Cryptography has come a long way since invisible ink and secret decoder rings. Today we rely on the magic of prime numbers to keep our online transactions and records secure.
On April 13 in Santa Fe, SFI Professor Cris Moore gave an SFI community lecture titled "Sending Secrets: Security and Cryptography In a Quantum World" in which he describes the history of cryptography from the era of the Romans to the present, discusses how modern cryptosystems work and how a future quantum computer would break them, and provides a personal view about whether quantum computers can be built – and what kinds of cryptography could remain secure even if and when they are built.
Watch the video of his lecture (70 minutes)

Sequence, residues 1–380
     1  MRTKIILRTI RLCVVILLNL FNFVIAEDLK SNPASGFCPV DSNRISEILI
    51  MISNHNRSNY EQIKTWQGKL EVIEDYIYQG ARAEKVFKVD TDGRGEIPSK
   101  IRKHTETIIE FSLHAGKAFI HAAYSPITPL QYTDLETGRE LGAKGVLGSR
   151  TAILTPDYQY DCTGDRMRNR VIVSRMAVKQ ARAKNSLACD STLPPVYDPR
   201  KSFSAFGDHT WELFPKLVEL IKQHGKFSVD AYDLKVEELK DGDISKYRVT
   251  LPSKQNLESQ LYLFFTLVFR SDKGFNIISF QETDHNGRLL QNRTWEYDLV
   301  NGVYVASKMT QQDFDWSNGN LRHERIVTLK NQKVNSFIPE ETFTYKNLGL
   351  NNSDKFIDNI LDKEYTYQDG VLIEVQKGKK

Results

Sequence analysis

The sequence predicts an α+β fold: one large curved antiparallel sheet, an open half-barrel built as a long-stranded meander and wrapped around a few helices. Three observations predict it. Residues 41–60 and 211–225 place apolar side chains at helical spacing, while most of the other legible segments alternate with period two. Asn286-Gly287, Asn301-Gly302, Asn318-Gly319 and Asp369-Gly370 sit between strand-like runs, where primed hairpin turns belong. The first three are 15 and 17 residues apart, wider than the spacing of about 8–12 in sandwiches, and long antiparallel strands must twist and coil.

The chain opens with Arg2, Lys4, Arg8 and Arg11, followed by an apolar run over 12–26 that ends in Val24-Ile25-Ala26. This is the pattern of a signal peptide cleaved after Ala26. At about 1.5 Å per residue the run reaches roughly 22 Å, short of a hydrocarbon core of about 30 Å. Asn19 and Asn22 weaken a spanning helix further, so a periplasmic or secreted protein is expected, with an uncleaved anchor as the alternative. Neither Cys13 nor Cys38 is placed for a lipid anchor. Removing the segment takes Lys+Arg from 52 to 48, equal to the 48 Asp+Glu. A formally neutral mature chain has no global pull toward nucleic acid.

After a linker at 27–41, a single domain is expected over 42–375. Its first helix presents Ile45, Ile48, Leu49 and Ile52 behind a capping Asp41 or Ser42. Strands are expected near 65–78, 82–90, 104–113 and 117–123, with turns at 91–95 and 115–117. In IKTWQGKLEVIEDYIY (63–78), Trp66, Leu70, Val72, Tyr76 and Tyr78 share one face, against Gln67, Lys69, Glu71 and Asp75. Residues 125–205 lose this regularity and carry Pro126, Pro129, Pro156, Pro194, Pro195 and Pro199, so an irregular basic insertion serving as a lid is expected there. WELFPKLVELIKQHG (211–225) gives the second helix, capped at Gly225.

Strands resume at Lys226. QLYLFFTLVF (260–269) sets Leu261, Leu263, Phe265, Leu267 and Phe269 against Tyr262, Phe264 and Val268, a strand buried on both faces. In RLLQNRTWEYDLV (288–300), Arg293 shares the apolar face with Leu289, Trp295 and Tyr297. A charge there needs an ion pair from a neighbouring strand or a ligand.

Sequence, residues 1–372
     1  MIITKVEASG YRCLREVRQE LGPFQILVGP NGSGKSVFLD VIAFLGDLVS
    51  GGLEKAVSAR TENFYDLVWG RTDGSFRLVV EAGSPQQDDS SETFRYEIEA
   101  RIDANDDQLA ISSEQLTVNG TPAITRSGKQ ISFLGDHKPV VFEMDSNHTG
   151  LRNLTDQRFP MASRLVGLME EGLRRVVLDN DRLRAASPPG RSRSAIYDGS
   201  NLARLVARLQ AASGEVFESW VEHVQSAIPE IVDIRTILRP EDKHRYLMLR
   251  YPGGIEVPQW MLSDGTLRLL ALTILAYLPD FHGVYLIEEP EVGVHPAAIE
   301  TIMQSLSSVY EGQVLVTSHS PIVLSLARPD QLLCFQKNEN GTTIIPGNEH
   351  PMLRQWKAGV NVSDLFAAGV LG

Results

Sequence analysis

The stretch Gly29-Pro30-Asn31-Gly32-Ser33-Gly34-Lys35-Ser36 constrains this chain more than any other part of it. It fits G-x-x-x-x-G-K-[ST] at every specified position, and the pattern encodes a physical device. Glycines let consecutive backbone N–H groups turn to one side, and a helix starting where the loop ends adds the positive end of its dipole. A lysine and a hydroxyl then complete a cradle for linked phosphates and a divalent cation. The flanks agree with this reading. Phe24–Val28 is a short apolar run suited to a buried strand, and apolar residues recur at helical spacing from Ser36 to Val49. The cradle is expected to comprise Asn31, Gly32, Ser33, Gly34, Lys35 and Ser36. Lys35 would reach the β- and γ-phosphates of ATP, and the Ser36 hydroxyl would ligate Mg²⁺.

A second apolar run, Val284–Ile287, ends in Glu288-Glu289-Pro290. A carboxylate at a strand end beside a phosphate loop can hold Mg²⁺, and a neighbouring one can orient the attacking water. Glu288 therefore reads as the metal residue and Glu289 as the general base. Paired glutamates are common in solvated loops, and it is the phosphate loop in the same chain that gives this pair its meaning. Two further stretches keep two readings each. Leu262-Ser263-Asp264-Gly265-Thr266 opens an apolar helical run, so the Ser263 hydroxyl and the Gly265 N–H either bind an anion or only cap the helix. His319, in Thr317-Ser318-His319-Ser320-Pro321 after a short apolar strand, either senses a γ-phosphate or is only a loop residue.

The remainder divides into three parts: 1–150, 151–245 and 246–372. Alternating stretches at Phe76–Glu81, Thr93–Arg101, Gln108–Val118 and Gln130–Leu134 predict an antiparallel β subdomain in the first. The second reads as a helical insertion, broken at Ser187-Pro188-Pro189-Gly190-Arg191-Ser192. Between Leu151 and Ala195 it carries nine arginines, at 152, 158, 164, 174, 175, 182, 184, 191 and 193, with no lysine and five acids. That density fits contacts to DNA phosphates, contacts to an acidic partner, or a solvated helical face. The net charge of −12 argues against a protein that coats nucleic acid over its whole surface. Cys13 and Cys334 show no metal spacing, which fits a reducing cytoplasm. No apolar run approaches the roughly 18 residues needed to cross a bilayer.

Moore is an SFI Professor and professor of computer science, physics, and astronomy at the University of New Mexico.
Generous support for this SFI public lecture was provided by Los Alamos National Bank and Joy and Philip LeCuyer.
Listen to Moore's interview on KSFR's Santa Fe Radio Cafe (April 13, 2011, 24 minutes)
Read the article in the Santa Fe New Mexican(April 13, 2011)
Learn more about SFI's 2011 community lecture series